November 14, 2023, reading time: 4 minutes.
Contradiction to theory: Astronomers have discovered a surprisingly early twin of the Milky Way: a barred spiral galaxy that is more than 11.7 billion years old. The galaxy called ceers-2112 is not only the oldest known barred spiral, but it also existed much earlier than current models of galactic evolution predict. Furthermore, this early galaxy is almost exactly the shape and size that our Milky Way must have been, as the team reports in Nature.
Our Milky Way is one of the barred spirals: a straight structure with a greater density of stars passes through its center, to which the arms of the spiral are attached. This bar forms an important material transport route and promotes star formation in the inner region of the galaxy. However, it is still unclear why only some spiral galaxies have this bar and when it appears in galaxy evolution. According to current models, these barred spirals have only existed for a few billion years, because only then did galaxies have the necessary order and calm.
“It was thought that such bars could not form in early galaxies or at least did not last long because they were still too chaotic and turbulent,” explains co-author Alexander de la Vega of the University of California, Riverside. But in March 2023, new images from the James Webb Space Telescope raised the first doubts about this. In them, astronomers discovered several barred spirals more than ten billion light years away.
The furthest bar spiral yet
Now there is another even older discovery: Luca Costantin’s team at the Centro Astrobiológico de Madrid has discovered another early barred spiral galaxy in near-infrared images taken by the James Webb Telescope. The galaxy ceers-2112 has a redshift greater than z=3 and therefore existed about two billion years after the Big Bang. However, more detailed analyzes of its structure and light spectrum suggest that this galaxy was already 620 million years old at that time.
Contrary to what was initially assumed, this galaxy already has a clearly pronounced bar despite its early formation, as astronomers discovered. It has a length of 10,700 light years and is distinguished from the rest of the galaxy by its greater stellar density and greater brightness. “Finding a bar in ceers-2112 is surprising because galaxies were much more chaotic in the early universe,” says de la Vega.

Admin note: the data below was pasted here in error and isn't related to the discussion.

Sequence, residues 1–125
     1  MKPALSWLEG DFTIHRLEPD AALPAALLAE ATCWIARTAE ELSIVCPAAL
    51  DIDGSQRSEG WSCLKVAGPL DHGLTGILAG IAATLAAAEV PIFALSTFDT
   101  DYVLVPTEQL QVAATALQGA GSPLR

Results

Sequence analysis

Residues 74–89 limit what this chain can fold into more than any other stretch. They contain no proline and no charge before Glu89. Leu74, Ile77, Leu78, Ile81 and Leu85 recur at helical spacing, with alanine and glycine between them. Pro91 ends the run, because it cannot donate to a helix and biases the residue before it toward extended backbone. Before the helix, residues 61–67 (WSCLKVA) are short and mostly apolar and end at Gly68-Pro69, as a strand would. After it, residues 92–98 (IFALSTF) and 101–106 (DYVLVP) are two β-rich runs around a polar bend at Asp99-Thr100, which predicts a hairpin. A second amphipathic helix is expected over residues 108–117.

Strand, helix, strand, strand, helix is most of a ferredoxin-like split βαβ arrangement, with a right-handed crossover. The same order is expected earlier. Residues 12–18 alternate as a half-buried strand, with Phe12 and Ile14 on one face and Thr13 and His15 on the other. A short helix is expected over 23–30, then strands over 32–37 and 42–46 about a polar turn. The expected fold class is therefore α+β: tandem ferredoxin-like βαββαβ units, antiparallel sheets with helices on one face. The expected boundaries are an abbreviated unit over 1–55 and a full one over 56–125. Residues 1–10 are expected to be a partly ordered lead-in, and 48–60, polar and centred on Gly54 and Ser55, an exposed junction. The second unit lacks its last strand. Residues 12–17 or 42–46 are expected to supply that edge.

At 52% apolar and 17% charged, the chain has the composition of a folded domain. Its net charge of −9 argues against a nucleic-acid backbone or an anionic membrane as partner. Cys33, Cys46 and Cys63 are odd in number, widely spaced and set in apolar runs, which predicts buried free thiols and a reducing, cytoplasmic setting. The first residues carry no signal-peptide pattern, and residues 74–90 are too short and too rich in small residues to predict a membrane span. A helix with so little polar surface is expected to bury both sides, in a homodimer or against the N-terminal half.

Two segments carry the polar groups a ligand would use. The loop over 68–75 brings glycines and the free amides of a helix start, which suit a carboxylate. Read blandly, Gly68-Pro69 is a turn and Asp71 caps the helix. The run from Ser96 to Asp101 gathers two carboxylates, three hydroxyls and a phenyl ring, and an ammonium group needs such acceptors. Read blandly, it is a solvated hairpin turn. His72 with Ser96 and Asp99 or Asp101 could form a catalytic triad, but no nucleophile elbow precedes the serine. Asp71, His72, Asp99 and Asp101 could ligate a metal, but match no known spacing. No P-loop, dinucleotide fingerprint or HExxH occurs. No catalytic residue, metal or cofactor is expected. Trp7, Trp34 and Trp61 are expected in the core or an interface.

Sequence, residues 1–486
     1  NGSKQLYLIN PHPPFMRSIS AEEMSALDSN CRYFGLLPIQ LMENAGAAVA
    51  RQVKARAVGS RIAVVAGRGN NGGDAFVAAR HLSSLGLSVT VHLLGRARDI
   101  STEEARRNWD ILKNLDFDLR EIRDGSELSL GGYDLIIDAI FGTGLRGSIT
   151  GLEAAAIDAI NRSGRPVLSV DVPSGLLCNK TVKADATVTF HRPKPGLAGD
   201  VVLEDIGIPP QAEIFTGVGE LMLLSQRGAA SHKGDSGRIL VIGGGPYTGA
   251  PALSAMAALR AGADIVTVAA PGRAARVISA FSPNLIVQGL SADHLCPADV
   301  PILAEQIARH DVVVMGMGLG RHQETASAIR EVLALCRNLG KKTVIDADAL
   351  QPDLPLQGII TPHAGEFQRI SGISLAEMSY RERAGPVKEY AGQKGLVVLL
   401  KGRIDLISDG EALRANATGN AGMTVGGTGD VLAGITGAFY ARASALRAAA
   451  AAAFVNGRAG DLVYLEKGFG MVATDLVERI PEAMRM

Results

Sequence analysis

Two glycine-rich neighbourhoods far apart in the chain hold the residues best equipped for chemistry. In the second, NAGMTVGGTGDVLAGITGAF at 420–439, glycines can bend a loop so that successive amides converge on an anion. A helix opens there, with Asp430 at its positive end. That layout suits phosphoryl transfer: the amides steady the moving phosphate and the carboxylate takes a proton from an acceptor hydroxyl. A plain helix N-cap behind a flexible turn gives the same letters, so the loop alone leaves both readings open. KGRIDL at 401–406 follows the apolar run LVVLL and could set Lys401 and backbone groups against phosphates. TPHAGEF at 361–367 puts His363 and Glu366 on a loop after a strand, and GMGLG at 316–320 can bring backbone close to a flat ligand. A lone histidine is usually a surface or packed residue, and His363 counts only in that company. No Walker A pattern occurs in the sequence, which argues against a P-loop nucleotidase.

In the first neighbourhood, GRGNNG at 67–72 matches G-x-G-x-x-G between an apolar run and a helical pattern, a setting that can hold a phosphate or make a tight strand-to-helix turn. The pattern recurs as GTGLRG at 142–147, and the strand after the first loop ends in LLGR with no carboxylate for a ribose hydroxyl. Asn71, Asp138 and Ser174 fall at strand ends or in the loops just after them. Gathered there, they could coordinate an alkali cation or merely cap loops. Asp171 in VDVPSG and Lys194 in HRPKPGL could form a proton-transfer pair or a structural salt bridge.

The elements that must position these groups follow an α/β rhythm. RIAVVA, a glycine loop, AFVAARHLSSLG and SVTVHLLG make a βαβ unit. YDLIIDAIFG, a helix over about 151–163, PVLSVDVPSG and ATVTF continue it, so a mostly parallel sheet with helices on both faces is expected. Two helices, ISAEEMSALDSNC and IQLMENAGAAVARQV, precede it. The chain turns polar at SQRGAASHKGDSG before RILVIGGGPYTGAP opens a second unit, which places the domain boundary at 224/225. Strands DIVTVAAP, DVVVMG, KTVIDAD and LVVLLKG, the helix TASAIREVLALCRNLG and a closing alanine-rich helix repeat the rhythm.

One of the first twins in our home galaxy
But the primitive galaxy ceers-2112 is not only very similar to our Milky Way in its shape. Its other structure and its stellar mass of around 3.9 billion solar masses also make it one of the first twins of our galaxy: “If we compare ceers-2112 with the history of the development of the Milky Way, then we can consider it as the most distant and first predecessor of the Milky Way, both in terms of its structure and its growth,” say Constantin and his colleagues.
“The discovery of ceers-2112 demonstrates that galaxies in the early universe could also be as ordered as the Milky Way,” says de la Vega. As astronomers determined, the stellar disk of this early Milky Way twin could have formed between one billion and half a billion years after the Big Bang. The formation of the ceers-2112 beam began about 200 million years later and concluded in about 400 million years.
“It is necessary to review the theories”
According to astronomers, this discovery sheds new light on the evolution of galaxies in the early cosmos. “The bar in ceers-2112 suggests that galaxies matured and organized more quickly than we thought,” says de la Vega. Until now it was assumed that this process was not completed until after several billion years, approximately half of our universe. Only then did the strong gas flows that allowed rapid star formation in the early cosmos but also caused galactic turbulence subside.
“But the discovery of this galaxy shows that this can happen in a fraction of that time, in just a billion years or less,” says the researcher. “Therefore, our theories about the formation and evolution of galaxies must be revised at least in some aspects.” Therefore, the first turbulent phase of star formation could have occurred much faster than previously thought, at least in some galaxies. (Nature, 2023; doi: 10.1038/s41586-023-06636-x)
Source: University of California-Riverside
November 14, 2023 – Nadja Podbregar